Holiday Thoughts about Three Especially Vulnerable Groups

I try to be optimistic — especially this time of year when the days are short and cold, when almost everybody things everyone else is having a better time than they are, and now that we’re in the worst economic downturn in almost anyone’s memory. Yet I also try to be realistic about the effects of this Mini-Depression. At least three distinct groups are especially vulnerable, each quite differently:

1. The poor and near poor, with family incomes typically under $20,000 a year. Their connections to the labor force are tenuous at best, often involving part-time and temporary jobs. They’re also the first to be let go during downturns. Not surprising, this recession is taking a toll, and about to take a larger one. Few in this group qualify for unemployment insurance, and an increasing number have exhausted the five-year maximum for temporary welfare assistance. To the extent they’re getting by, they’re moving in with relatives. The media have missed this story almost entirely.

2. Middle and lower-middle class households whose breadwinners are within five years of being eligible for Social Security. Many are in danger of losing jobs and a large number are already working fewer hours. They’re cutting back on all discretionary purchases. But their biggest problem is that both their savings and the value of their homes have shrunk dramatically, and probably won’t bounce back before they planned to retire. Social Security will cover about 40 percent of their pre-retirement earnings. So many are now planning to work well beyond age 65. This will be a particular challenge for blue-collar workers whose earnings have depended largely on physical labor. Their bodies may not last.

3. Middle and lower-middle class retirees. Most are dependent on income from savings, which has declined sharply. They’re cutting expenses where they can, but they’re running out of resources. To the extent they can turn to their children for help, they are doing so. That means a large and growing cohort of middle-income people between the ages of 35 and 65 have begun subsidizing their parents, even though they and their immediate families are under financial stress. Here’s another untold story.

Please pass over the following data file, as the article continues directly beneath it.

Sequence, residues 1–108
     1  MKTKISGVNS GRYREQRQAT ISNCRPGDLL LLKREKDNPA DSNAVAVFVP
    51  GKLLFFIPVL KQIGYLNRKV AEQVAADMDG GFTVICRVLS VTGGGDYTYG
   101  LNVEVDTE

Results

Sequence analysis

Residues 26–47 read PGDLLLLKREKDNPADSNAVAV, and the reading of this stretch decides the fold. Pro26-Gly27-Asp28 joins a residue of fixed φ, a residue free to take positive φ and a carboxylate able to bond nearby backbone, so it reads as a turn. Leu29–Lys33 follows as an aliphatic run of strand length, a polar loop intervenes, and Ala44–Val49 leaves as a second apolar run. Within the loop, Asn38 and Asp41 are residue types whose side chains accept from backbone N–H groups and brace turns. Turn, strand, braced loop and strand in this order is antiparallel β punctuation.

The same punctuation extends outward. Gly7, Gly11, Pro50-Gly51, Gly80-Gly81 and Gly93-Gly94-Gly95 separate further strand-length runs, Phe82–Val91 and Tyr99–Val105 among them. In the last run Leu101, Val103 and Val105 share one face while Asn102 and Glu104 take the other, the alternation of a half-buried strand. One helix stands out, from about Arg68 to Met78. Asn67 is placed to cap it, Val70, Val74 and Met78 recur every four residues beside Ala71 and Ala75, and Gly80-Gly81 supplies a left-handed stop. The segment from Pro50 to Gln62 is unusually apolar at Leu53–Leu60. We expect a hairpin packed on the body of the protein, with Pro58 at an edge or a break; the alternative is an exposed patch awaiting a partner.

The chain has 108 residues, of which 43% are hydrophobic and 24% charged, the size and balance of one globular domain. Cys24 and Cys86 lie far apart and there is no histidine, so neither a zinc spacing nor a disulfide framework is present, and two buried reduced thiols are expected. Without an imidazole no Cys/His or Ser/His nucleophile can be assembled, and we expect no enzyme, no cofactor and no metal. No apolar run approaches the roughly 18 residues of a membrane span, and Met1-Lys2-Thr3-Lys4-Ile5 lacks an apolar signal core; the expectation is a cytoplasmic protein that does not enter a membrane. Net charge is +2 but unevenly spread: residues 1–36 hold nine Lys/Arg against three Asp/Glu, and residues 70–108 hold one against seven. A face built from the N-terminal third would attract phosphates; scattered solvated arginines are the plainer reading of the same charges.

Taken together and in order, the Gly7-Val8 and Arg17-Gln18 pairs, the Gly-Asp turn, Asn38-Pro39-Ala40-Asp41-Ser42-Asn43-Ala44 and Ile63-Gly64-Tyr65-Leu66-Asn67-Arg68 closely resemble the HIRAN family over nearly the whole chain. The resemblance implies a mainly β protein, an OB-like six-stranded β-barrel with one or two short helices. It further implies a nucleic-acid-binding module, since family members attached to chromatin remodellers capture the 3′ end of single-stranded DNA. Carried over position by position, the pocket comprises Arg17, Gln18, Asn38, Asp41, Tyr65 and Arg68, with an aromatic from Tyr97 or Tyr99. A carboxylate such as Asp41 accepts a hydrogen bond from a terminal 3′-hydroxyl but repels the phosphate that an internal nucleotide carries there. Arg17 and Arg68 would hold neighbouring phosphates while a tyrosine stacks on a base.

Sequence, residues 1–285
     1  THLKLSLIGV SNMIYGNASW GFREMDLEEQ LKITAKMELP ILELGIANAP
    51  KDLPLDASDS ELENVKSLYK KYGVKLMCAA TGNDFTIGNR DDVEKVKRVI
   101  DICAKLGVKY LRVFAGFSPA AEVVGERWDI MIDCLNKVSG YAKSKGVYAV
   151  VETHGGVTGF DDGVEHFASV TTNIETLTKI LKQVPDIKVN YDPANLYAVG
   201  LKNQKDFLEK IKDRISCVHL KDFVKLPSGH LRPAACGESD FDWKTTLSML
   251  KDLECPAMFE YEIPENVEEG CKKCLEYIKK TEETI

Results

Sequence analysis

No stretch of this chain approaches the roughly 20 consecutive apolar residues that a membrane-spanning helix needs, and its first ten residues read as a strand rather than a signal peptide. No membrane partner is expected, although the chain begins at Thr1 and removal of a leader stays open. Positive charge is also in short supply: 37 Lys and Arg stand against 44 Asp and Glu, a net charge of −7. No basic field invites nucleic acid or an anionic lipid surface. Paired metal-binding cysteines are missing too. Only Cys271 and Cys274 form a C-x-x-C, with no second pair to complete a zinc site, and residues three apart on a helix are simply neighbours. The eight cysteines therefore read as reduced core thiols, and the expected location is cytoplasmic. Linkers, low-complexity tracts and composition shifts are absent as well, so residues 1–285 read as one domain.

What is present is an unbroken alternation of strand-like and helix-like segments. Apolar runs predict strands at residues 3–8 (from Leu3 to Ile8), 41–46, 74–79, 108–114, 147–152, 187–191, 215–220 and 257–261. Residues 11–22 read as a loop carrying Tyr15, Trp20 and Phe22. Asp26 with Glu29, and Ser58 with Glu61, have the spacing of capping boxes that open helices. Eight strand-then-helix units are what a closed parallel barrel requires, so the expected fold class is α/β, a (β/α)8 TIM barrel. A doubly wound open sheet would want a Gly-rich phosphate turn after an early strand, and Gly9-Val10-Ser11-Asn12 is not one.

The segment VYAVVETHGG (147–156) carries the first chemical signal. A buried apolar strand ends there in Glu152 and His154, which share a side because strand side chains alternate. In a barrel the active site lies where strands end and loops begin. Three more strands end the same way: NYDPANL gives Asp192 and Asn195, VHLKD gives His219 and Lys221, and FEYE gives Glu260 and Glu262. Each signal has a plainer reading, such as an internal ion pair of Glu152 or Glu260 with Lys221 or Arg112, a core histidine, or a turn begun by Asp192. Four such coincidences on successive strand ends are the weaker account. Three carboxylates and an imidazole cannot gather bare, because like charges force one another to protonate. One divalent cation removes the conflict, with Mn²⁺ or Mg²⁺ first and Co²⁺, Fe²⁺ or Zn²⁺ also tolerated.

Other Americans are in distress but these three groups are particularly worrisome, and in the years ahead it seems likely they’ll be in worse shape than they are today. If this is to be avoided, these three groups will need distinct public policies crafted to their particular needs. More on this to come.

In the meantime, happy holidays.

Originally published at Robert Reich’s Blog and reproduced here with the author’s permission.

5 Responses to "Holiday Thoughts about Three Especially Vulnerable Groups"

  1. Eileen   December 29, 2008 at 7:25 pm

    Just wanted to thank you for noticing and pointing out for others to see that there are indeed three specific groups that are already in distress (or likely to be there very soon). My spouse and I are both retired–he is 68 and I am 62. We’re average middle-class—he was a teacher for 32 years; I was a management trainer for 21 years (and high school teacher for 7 years prior to that). I am worried about our future and have been since 2001. We’ve taken it as a challenge to ourselves to learn to live frugally and we’ve made great strides over the past 7 years. I’m very proud of how we’ve adapted. However, I can’t lose the fear that we and the poor, those about to retire within 5 years, and those who are already in retirement are headed for a dreadful future. I am afraid that we will be forgotten. Thank you, Prof. Reich, for “noticing” us.

    • devils advocate   December 30, 2008 at 8:22 am

      extremely important postthe “working poor/middle class” is merging and emergingquite scaryhere is one possibility:help seniors supplement their Soc Security with part-time (non-physical) workin schools etc.40-50% of the skilled workers are hoping to retire in the next 5 yearspay them to train apprentices so they can afford to retirehelp

  2. Guest   December 30, 2008 at 4:21 am

    “Mini-Depression”? Actually worst than 1929.

  3. Guest   December 30, 2008 at 3:54 pm

    Thank you Mr Reich! It is about time an economist looked at problems real people in the real world are suffering with. Let me share with the group an article that helped us understand what we needed to do and how to do it:,-In-Laws-and-Your-Own-Children-at-the-Same-Time?&id=1477153 Cut and paste entire link in your browser.God Bless!

  4. Jerry Halberstadt   December 31, 2008 at 9:34 pm

    How can we focus resources on these and other groups? For example, artists are always struggling and will find it even harder to market their work during hard times. I think it is time for a new “New Deal” that put artists to work during the depression, and for a new deal that will enable elders to finance new businesses. Let’s bail out elders and artists: